Coast hospitals took a beating during Katrina.
Hancock Medical Center in Bay St. Louis, for example, was completely shut down for a month after floodwaters swept through the entire first floor, effectively taking out the emergency room, operating room, intensive care unit, obstetrics, the laboratory, imaging, cardiopulmonary, medical records, materials management, dietary, administration and more.
Hancock Medical Center and other Coast hospitals have worked literally day and night to repair damages knowing that the services they offer to the community are now more critical than ever.
“Our hospital’s amazing progress during the past three months is due to a team effort of employees, most of whom lost their own homes,” said Hancock Medical Center administrator Hal W. Leftwich, DBA, FACHE. “By pulling together, we created an unstoppable energy. Our nurses, technicians, housekeepers and managers worked side-by-side to salvage records, equipment and supplies during the first two weeks. A professional restoration company removed and replaced walls and flooring, and our staff took over painting and stocking shelves. This spirit and work ethic allowed us to reopen the emergency room in early October, restoring a vital health link to our community.”
A 25-bed nursing unit opened October 28, and work on the operating suites and recovery areas is nearly complete.
Leftwich said nearly all of Hancock Medical Center’s active medical staff is seeing patients again, most in temporary offices. Included are specialties of internal medicine, family practice, pediatrics, OB/GYN, general surgery, cardiology and podiatry.
Also open are the hospital’s rural health clinics in Kiln and Pearlington, and outpatient rehab services and medical offices in Diamondhead.
A hundred days after Katrina hit, Memorial Hospital at Gulfport had all of its hospital beds full, and was still experiencing higher than normal rates of emergency room use.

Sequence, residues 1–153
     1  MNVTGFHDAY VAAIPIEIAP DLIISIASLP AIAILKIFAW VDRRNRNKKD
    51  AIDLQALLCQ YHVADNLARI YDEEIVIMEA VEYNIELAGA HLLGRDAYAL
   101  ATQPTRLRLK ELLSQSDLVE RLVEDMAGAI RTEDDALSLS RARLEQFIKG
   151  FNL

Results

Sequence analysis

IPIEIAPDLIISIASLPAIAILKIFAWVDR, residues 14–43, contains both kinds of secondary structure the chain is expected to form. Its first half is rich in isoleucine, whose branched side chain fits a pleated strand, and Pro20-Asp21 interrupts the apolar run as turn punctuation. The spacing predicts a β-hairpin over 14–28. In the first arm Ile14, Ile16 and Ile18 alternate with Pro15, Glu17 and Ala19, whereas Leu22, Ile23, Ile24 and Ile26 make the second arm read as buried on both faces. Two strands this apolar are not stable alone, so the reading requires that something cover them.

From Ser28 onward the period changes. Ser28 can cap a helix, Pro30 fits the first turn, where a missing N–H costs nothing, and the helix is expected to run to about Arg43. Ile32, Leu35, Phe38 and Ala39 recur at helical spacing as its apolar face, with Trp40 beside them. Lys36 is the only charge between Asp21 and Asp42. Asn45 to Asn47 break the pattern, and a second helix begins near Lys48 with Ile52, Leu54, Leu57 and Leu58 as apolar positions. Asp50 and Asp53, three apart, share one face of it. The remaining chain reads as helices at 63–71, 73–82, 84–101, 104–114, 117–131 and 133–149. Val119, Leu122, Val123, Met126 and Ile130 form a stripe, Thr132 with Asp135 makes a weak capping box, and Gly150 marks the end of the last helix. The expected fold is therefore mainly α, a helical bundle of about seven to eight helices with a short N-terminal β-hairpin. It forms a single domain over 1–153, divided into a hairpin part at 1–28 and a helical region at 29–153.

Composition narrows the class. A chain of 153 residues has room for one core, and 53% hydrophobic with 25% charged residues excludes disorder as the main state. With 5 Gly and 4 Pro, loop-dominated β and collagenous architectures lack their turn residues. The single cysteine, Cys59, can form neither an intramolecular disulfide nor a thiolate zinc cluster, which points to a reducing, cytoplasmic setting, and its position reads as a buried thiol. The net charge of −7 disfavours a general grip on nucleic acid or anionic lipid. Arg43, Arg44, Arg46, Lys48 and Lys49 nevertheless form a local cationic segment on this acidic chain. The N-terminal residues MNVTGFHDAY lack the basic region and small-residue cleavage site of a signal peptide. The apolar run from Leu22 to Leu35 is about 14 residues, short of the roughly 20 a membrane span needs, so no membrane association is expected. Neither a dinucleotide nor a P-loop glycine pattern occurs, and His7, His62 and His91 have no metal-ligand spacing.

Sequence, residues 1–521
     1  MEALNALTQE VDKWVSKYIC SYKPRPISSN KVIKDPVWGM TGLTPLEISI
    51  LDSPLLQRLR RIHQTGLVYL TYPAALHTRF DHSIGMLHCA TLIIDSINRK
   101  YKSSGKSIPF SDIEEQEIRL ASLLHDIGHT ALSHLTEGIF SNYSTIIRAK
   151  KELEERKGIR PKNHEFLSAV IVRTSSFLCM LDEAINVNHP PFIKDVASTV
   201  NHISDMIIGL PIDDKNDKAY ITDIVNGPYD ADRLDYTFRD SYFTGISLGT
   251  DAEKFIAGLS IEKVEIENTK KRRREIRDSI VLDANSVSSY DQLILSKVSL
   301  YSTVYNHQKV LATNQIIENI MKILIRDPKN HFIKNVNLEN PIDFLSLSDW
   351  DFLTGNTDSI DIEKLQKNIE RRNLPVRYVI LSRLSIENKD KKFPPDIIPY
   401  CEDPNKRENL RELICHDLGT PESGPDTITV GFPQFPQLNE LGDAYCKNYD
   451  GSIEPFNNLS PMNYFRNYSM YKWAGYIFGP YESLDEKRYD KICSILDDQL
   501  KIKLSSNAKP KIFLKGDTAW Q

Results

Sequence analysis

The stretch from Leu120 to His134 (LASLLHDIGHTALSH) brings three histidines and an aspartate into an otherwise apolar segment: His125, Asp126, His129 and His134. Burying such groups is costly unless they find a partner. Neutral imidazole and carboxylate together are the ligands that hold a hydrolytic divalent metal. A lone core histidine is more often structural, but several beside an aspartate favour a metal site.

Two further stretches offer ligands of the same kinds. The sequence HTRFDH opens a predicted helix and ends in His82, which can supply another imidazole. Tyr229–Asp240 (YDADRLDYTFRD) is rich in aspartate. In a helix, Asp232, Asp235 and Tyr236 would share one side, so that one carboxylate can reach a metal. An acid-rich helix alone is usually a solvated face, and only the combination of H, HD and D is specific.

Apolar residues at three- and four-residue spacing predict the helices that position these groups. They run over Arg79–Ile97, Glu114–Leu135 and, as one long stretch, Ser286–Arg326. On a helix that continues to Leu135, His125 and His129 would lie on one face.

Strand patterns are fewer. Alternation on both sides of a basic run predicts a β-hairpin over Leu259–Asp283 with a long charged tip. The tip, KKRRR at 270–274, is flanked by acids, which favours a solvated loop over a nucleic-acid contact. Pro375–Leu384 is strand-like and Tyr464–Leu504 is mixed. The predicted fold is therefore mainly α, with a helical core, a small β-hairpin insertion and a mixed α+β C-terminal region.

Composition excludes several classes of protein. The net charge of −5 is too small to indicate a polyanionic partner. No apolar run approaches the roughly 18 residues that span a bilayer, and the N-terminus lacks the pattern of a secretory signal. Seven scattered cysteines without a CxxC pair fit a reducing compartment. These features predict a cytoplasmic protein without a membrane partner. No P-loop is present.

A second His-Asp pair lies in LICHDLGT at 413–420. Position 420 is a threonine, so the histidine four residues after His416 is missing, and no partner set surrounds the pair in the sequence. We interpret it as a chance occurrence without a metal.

“Our patient census has consistently grown since the passing of the storm,” said Diane Gallagher, director of community and corporate relations, Memorial Hospital of Gulfport. “We are operating with fewer beds than pre Katrina because we relocated our inpatient rehab into the hospital. We are currently running about 285 beds on our main campus.”
Memorial Hospital housed a lot of employees in the weeks after the storm. Many lost their homes and had no where else to go.
Currently a lot of staff have managed to make arrangements to live with friends and family, or obtain FEMA or other housing, but in early December about 20 employees were still staying at the hospital.
The storm has taken a toll on staffing. Five physicians and 250 other employees have left since Katrina hit. The hospital had 2,400 employees prior to Katrina.
“To some extent, losing that much staff puts a crunch on the hospital,” Gallagher said. “We are working to replace them.”
The hospital is also helping employees cope with life after Katrina by offering counseling sessions with professionals. They have also established an employee recovery fund that has received donations from people all over the country.
Memorial is in the process of filming storm stories so people can tell what they have gone through.
“It has been a good process for history archival purposes, and for people to be able to talk about what happened to them both personally and at the hospital,” Gallagher said.